Solidarity with Unist’ot’en Camp. ‘No pipeline on Indigenous land!’

International Day of Solidarity with the Wet’suwet’en pickets in New York City, Jan. 8. Photo: Greg Butterfield

New York City — A picket line outside the Canadian Consulate near busy Grand Central Station on Jan. 8 protested the attack by the Royal Canadian Mounted Police (RCMP) and Canadian military on the Gidum T’en checkpoint and an impending raid on the Unist’ot’en Camp in the region Canada calls British Columbia.

At least 14 people were arrested in the Jan. 7 police assault.

Actions were planned in more than 60 cities in Canada, the U.S. and other countries as part of an International Day of Solidarity with the Wet’suwet’en people, who face violent and unlawful raids for defending their sovereign territory from TransCanada’s Coastal Gaslink Pipeline project. Thousands rallied in Toronto, Canada’s largest city.

On Dec. 14, the Supreme Court of British Columbia issued an injunction granting TransCanada the go-ahead for its gas pipeline, clearing the way for the government attack. All five clans of the Indigenous Wet’suwet’en nation are united in opposing the project.

Canadian Prime Minister Justin Trudeau, who likes to posture as a progressive, has been silent.

At the New York action, activists chanted “Canada! Take a stand! No access to Native land!” They handed out fliers calling for solidarity with the Wet’suwet’en while demanding an end to threats of police-military invasion.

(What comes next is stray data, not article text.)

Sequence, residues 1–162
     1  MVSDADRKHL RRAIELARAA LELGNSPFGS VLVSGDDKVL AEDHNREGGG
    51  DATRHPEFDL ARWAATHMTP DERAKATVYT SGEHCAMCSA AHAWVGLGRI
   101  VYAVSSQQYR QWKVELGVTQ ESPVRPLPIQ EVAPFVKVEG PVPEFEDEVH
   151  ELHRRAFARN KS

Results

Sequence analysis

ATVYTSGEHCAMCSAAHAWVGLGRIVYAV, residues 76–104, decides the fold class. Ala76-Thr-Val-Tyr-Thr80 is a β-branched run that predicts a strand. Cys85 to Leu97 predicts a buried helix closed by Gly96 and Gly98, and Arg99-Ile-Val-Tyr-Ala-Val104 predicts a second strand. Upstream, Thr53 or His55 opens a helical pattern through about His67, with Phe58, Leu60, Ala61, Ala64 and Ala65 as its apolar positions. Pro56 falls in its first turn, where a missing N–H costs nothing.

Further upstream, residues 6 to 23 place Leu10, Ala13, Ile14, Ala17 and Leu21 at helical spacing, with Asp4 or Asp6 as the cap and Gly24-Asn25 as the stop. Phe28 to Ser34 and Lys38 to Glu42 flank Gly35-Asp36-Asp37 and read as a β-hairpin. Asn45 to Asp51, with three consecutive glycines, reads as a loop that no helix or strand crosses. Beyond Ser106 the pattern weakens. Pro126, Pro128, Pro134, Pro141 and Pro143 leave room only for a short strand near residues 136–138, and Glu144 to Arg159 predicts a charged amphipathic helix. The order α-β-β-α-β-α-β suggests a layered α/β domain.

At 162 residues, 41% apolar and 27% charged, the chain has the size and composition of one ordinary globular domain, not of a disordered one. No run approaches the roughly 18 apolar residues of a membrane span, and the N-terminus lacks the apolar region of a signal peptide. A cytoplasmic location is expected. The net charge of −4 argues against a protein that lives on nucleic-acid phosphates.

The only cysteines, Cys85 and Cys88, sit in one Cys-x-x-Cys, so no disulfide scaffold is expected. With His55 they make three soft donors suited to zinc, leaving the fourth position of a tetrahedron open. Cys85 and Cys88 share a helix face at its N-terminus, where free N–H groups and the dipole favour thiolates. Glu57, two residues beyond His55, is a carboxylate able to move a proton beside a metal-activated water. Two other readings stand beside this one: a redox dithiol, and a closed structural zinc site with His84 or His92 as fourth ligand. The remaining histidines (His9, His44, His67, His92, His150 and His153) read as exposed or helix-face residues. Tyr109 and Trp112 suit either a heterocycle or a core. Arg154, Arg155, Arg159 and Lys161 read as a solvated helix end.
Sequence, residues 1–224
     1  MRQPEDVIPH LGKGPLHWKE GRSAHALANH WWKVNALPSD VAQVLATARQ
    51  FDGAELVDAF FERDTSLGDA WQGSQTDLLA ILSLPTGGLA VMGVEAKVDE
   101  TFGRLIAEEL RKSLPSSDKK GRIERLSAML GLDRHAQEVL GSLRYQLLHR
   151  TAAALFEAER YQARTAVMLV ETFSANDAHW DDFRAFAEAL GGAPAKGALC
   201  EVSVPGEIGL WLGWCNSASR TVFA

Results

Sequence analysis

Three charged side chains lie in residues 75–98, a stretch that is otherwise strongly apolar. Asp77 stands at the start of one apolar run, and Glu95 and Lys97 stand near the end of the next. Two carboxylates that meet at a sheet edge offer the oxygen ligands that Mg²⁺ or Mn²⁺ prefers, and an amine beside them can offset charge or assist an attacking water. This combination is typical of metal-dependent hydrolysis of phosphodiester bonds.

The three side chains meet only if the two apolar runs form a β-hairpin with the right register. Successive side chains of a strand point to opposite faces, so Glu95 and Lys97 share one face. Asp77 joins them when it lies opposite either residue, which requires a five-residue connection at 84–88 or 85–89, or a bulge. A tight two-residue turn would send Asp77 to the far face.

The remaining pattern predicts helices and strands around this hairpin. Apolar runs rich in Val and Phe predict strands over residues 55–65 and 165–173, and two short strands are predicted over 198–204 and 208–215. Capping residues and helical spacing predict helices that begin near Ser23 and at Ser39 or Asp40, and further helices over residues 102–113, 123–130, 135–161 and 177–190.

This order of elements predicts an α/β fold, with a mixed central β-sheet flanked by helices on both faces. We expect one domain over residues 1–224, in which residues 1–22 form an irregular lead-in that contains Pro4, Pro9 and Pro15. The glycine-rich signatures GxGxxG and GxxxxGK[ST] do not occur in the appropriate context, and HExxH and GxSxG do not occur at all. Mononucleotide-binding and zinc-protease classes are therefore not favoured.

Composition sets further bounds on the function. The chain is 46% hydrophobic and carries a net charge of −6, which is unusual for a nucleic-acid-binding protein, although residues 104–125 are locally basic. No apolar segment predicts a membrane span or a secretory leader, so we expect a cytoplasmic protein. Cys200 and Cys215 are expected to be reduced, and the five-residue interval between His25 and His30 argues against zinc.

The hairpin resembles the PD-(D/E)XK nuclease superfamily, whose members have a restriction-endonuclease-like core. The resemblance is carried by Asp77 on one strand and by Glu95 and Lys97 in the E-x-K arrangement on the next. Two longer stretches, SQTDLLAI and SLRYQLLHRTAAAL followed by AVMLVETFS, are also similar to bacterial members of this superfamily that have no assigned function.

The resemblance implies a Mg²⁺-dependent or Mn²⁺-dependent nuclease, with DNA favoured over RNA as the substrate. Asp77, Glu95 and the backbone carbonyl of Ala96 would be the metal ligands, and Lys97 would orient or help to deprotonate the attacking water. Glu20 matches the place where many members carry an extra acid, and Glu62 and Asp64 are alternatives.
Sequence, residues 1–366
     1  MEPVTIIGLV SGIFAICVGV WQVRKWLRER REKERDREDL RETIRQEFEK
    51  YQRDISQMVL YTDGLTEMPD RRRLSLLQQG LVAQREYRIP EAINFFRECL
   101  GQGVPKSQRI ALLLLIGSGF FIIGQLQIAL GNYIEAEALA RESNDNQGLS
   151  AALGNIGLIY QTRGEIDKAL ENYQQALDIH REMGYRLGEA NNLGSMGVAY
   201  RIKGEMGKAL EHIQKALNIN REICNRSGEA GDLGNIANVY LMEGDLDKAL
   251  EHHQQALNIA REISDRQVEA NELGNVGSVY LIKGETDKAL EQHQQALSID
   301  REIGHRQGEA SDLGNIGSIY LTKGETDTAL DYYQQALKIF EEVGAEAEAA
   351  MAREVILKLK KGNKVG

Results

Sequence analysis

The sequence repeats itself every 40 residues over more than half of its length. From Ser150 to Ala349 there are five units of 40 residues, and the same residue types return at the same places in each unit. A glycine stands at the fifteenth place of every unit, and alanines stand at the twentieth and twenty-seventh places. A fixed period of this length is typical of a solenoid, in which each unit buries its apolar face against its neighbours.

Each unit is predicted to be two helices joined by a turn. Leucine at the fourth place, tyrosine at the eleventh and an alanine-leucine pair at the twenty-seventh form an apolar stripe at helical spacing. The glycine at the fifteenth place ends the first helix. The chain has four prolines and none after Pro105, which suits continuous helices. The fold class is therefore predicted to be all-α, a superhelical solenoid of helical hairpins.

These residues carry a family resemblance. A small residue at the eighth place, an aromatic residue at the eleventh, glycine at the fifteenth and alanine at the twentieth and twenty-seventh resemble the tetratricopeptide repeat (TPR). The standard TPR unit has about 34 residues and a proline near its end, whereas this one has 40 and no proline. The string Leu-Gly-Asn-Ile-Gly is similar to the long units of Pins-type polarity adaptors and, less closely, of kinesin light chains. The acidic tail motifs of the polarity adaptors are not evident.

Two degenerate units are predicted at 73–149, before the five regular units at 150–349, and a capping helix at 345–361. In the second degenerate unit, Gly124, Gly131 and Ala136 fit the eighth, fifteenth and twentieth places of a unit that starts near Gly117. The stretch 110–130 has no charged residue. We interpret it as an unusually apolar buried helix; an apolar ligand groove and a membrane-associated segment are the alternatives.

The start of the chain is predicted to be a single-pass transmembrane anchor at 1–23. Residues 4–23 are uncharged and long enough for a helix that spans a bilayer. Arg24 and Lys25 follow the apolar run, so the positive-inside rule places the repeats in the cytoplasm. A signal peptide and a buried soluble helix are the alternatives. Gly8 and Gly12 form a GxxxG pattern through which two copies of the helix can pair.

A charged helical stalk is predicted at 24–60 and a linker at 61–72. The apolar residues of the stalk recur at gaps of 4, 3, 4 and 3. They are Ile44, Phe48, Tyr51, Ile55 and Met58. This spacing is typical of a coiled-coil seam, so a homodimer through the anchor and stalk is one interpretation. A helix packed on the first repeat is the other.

The statement read in part, “We stand as witnesses to this historic moment when the federal and provincial governments can choose to follow the principles of reconciliation and respect the United Nations Declaration on the Rights of Indigenous Peoples, or respond by perpetuating and entrenching the ongoing legacy of colonization in Canada.

“We are now preparing for a protracted struggle. The hereditary chiefs of the Wet’suwet’en and the land defenders holding the front lines have no intention of allowing Wet’suwet’en sovereignty to be violated.”

Some passersby who took leaflets drew the connection with the struggle of the Standing Rock water defenders in North Dakota and other ongoing battles for Indigenous sovereignty in the U.S.

For the latest updates, go to the Unist’ot’en Camp Facebook page.

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